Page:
Doctor Gomez tells Sofia it looks like “her tongue is simmering inside her mouth”, like it is an organ that has something to say but a brain won’t let it. When he takes Sofia and her mother out to lunch he forbids Sofia to speak. This is Gomez’s attempt to let Rose speak for herself and Sofia finds it a relief. Throughout the book Sofia speaks much more with her body than her words; her tanned hips spill out over the top of her jeans, her nipples are dark on her full breasts, her armpits unshaved. She takes two lovers, a man and a woman, and thinks often of their bodies: Ingrid’s strong long legs and golden hair, Juan’s long graceful neck and kind face. The first time she is stung by a medusa jellyfish, her bikini top comes undone and her breasts spill out and remained bared without her noticing for the entire first scene of the book. She is simmering with the lid on but her body gives her away. Her body is bold even before she steals the fish.

My body is bold in a different way. My breasts are small with nipples as new and pink as when they first arrived. Veins run visibly under the soft pale skin of my thighs. I exercise and moisturise my body into leanness and smoothness every day for men who do nothing but wake up young and handsome. When I am with someone beautiful, I don’t let myself think or say anything that might give myself away, but with my body I am saying yes please and suddenly we’re kissing on a bridge and I’m laughing hysterically inside my head thinking how on earth did this happen and his hands are under my shirt and grabbing hard on my arse and his mouth is on my neck and I hold the back of his perfect head and look over his shoulder at the lights of the city.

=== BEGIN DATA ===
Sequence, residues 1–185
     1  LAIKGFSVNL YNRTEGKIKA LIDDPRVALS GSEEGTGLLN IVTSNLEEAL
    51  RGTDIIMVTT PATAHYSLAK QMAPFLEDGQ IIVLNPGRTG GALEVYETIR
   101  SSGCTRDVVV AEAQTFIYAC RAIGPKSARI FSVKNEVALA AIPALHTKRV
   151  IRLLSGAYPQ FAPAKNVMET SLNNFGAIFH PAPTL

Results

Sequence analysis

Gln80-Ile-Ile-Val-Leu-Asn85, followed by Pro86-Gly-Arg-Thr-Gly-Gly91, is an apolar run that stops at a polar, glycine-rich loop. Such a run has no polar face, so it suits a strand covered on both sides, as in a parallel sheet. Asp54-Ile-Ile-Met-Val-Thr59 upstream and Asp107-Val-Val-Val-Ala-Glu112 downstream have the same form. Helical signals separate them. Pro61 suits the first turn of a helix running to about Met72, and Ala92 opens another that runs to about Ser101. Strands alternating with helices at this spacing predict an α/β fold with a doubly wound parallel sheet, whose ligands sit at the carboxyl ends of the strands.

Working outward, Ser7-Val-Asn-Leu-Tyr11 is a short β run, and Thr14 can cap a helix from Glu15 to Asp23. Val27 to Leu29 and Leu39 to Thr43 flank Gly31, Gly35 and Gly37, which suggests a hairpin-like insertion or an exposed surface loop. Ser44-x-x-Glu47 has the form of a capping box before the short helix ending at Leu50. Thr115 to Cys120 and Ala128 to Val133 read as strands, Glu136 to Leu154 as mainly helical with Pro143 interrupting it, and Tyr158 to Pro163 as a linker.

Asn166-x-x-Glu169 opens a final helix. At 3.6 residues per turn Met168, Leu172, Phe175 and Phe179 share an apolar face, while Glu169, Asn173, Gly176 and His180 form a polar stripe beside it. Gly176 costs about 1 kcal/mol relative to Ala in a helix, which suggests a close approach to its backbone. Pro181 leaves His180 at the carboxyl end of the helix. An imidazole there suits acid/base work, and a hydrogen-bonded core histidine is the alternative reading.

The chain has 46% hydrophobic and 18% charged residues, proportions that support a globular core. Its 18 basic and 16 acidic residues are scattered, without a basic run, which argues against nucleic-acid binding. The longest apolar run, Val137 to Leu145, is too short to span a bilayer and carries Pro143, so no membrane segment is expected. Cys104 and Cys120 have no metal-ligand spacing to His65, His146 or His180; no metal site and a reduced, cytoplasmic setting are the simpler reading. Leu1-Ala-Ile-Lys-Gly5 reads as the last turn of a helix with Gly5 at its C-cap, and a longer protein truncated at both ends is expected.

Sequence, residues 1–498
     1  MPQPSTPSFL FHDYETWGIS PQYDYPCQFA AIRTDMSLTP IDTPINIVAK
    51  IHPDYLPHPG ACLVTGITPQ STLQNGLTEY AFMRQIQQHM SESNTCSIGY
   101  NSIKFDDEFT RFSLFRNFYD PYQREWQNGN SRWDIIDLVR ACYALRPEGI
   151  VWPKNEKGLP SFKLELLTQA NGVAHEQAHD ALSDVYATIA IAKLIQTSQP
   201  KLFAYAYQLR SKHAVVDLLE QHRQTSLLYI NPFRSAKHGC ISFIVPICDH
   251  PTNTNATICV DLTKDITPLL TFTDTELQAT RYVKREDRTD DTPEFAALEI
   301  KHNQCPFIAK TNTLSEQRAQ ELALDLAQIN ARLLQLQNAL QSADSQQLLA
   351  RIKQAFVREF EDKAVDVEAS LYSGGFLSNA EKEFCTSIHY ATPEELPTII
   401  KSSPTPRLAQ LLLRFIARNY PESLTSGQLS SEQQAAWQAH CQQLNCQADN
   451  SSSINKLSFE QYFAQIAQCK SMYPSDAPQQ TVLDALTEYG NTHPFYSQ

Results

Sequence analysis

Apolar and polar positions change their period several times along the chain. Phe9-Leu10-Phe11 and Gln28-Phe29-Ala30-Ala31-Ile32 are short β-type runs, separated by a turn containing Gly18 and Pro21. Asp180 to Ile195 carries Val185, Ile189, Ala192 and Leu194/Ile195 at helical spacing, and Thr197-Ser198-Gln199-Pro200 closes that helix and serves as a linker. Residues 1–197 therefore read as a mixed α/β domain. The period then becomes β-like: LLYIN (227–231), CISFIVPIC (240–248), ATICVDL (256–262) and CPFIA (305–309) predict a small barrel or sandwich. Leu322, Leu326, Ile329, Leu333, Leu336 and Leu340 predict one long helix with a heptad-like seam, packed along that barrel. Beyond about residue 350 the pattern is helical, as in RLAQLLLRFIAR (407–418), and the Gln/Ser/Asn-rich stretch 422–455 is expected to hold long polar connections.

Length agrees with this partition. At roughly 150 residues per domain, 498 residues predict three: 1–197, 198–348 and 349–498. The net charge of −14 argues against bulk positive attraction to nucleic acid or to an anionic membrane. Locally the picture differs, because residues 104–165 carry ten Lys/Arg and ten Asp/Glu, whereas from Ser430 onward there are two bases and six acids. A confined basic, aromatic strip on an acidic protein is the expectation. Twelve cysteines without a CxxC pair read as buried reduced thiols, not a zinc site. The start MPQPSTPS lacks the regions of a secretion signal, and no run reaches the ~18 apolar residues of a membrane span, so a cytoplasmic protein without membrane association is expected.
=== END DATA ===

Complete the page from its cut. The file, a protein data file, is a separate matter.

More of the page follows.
Or my body takes us to his bed after a party and acts with an urgency I can’t make words for. We are holding each other so hard, with so much need, that we can barely break apart long enough to take our clothes off, barely kiss from touching. In the book we get to see Sofia and her partners only before or after sex, which distances the reader from Sofia’s experience. Juan she actively seduces, thinking “he was my lover and I was his conqueror”, but with the angry and aloof Ingrid she simply seems to fall into a relationship, feeling drawn to her but not knowing why: “meeting Ingrid is an assignment that had been scheduled without either of us writing it down.” After they kiss for the first she feels released, “I knew I had held myself in for too long, in my body, in my skin”; but not yet bold enough to stay and deal with the feelings she gets up and walks away.